For the volume fraction field, the inlet rectangle is positioned in exactly the same way as for the velocity field:

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    inlet
    {
        type            codedFixedValue;
        value           uniform 0;
        redirectType    alphaSquareInlet;   

        code
        #{
            const fvPatch& boundaryPatch = patch(); 
            const vectorField& Cf = boundaryPatch.Cf(); 

            scalarField& field = *this; 
            field = patchInternalField(); 

            scalar min = 0.501;  
            scalar max = 0.751; 

            forAll(Cf, faceI)
            {
               if (
                    (Cf[faceI].z() > min) &&
                    (Cf[faceI].z() < max) &&
                    (Cf[faceI].y() > min) &&
                    (Cf[faceI].y() < max) 
                  )
                {
                    field[faceI] = 1; 
                }
            }
        #};
    
    }

The main difference is in the type of the tensor we are using: for the volume fraction we are dealing with scalars. You can also examine the definition of the codedFixedValue BC applied to the volume fraction field in the sourceflux blog code repo. The official documentation makes use of the fvPatchField assignment operator

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    code
    #{
        operator==(min(10,0.1,this->db().time().value()));
    #};

This line basically tells the compiler to look up the name of the function operator== and call the appropriate function with the argument resulting from min. The process of looking up a name of the function and/or variable is called name lookup and detail information on that topic can be found here and here. In this example, the compiler finds a member function operator of the parent class fixedValueFvPatchField<vector>, and calls it to set the uniform boundary field value resulting from the min function.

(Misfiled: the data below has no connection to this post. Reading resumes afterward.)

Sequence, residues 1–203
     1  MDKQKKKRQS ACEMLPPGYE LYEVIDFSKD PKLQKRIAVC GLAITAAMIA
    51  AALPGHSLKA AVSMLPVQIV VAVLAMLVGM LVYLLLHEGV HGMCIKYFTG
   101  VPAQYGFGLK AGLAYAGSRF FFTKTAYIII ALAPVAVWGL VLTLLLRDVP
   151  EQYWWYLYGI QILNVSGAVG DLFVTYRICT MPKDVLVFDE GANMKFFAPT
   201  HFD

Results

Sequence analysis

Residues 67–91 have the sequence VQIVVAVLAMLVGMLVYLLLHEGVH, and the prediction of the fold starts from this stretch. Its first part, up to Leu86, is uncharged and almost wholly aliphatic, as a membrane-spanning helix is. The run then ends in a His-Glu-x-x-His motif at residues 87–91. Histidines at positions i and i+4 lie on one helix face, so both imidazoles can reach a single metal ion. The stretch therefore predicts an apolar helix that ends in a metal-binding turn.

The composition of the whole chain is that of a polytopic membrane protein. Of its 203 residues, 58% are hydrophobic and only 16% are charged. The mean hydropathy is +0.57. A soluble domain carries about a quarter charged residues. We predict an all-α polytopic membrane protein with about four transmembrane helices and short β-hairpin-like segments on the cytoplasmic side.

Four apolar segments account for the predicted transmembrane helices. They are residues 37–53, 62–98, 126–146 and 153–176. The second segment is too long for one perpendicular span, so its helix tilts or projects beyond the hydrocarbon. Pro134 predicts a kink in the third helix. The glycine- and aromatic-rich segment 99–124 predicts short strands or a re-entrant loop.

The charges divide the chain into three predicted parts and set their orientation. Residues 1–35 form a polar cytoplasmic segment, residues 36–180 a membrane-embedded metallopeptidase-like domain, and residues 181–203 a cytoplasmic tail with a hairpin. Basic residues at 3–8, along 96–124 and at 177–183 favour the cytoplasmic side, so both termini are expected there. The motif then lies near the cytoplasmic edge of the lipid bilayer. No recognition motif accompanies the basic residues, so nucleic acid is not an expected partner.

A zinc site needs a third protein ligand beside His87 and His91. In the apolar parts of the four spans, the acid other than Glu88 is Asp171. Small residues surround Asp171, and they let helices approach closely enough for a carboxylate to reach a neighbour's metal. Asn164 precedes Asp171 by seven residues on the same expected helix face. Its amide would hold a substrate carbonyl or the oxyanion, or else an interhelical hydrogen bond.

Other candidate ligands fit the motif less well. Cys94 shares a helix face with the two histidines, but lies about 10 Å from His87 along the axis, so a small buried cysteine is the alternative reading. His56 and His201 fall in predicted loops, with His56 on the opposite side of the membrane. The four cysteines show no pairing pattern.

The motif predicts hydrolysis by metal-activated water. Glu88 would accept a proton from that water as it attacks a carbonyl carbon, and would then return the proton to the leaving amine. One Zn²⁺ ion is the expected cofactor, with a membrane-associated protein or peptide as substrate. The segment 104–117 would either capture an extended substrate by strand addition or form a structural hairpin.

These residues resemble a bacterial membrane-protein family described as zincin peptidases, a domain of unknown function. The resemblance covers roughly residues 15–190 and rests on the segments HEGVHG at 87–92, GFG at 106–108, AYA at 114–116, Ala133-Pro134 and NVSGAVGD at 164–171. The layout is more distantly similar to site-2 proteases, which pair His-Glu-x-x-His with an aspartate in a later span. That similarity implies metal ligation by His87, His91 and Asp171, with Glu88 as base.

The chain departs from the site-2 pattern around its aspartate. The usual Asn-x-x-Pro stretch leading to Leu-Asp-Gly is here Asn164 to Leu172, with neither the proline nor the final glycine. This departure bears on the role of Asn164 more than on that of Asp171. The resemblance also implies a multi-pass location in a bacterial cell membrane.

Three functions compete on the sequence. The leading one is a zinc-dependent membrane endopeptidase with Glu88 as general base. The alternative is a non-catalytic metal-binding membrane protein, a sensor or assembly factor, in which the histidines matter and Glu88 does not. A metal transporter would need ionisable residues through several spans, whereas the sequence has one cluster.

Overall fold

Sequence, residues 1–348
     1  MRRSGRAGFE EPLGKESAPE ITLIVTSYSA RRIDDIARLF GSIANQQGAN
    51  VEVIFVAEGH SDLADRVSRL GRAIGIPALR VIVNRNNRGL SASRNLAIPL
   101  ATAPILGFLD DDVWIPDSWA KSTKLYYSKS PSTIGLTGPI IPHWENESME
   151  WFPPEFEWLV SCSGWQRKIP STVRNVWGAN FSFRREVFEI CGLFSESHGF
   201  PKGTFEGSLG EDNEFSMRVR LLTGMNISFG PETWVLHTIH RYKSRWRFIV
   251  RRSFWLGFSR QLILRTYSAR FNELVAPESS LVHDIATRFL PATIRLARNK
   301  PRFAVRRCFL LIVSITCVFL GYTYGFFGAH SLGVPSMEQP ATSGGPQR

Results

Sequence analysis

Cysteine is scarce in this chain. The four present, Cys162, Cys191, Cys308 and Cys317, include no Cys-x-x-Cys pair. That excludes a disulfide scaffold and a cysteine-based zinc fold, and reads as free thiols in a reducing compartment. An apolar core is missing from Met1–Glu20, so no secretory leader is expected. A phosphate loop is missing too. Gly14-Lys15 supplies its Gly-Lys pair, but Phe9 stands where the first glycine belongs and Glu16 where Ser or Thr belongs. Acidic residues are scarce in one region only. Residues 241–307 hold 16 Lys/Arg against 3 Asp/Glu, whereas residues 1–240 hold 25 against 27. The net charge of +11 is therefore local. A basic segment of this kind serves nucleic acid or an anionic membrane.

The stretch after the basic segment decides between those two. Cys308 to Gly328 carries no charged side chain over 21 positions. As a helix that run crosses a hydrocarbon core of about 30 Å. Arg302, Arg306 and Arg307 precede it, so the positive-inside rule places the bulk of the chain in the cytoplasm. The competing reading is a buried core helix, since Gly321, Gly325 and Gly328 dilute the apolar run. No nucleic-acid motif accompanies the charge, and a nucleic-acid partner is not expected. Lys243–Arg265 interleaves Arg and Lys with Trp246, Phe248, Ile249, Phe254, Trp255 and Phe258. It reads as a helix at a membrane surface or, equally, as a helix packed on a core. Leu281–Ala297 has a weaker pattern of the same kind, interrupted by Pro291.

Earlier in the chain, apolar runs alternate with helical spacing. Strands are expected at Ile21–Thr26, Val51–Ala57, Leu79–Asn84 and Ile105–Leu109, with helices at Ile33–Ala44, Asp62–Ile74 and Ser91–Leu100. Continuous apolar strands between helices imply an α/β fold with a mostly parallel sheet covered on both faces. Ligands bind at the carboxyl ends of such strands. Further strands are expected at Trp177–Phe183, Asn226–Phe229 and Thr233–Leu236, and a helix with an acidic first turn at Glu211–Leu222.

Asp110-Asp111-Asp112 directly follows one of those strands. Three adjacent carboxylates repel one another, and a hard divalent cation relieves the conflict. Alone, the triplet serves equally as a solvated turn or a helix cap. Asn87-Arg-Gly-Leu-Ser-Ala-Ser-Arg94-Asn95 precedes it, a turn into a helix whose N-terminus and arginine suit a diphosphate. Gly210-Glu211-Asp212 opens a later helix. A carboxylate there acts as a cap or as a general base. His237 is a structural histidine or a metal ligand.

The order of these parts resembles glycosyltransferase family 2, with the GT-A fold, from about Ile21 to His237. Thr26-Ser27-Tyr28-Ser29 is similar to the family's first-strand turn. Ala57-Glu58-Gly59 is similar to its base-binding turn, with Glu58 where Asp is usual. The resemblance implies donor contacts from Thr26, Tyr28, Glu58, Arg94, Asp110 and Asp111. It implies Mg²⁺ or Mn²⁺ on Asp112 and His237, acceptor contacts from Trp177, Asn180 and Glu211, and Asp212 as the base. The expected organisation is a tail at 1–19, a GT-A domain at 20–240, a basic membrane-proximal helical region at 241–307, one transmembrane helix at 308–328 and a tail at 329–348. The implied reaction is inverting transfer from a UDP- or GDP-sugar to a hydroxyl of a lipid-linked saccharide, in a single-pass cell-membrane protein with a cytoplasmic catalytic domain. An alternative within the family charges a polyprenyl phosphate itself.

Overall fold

Note
To work with coded objects in OpenFOAM, it is important to understanding two things: which class is being implemented by the coded object and which member function is metaprogrammed by which code block. The names of the functions and objects used in the code block will be looked up by the compiler following a set of name lookup rules.

The codedFixedValue dynamic library

Once the codedFixedValue BC has been applied to both the velocity and the member function, a switch needs to be turned on in order to allow OpenFOAM to build dynamic code. The switch is located in the $WM_PROJECT_DIR/etc/controlDict file:

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    InfoSwitches
    {
        writePrecision  6;
        writeJobInfo    0;
        writeDictionaries 0;
        writeOptionalEntries 0;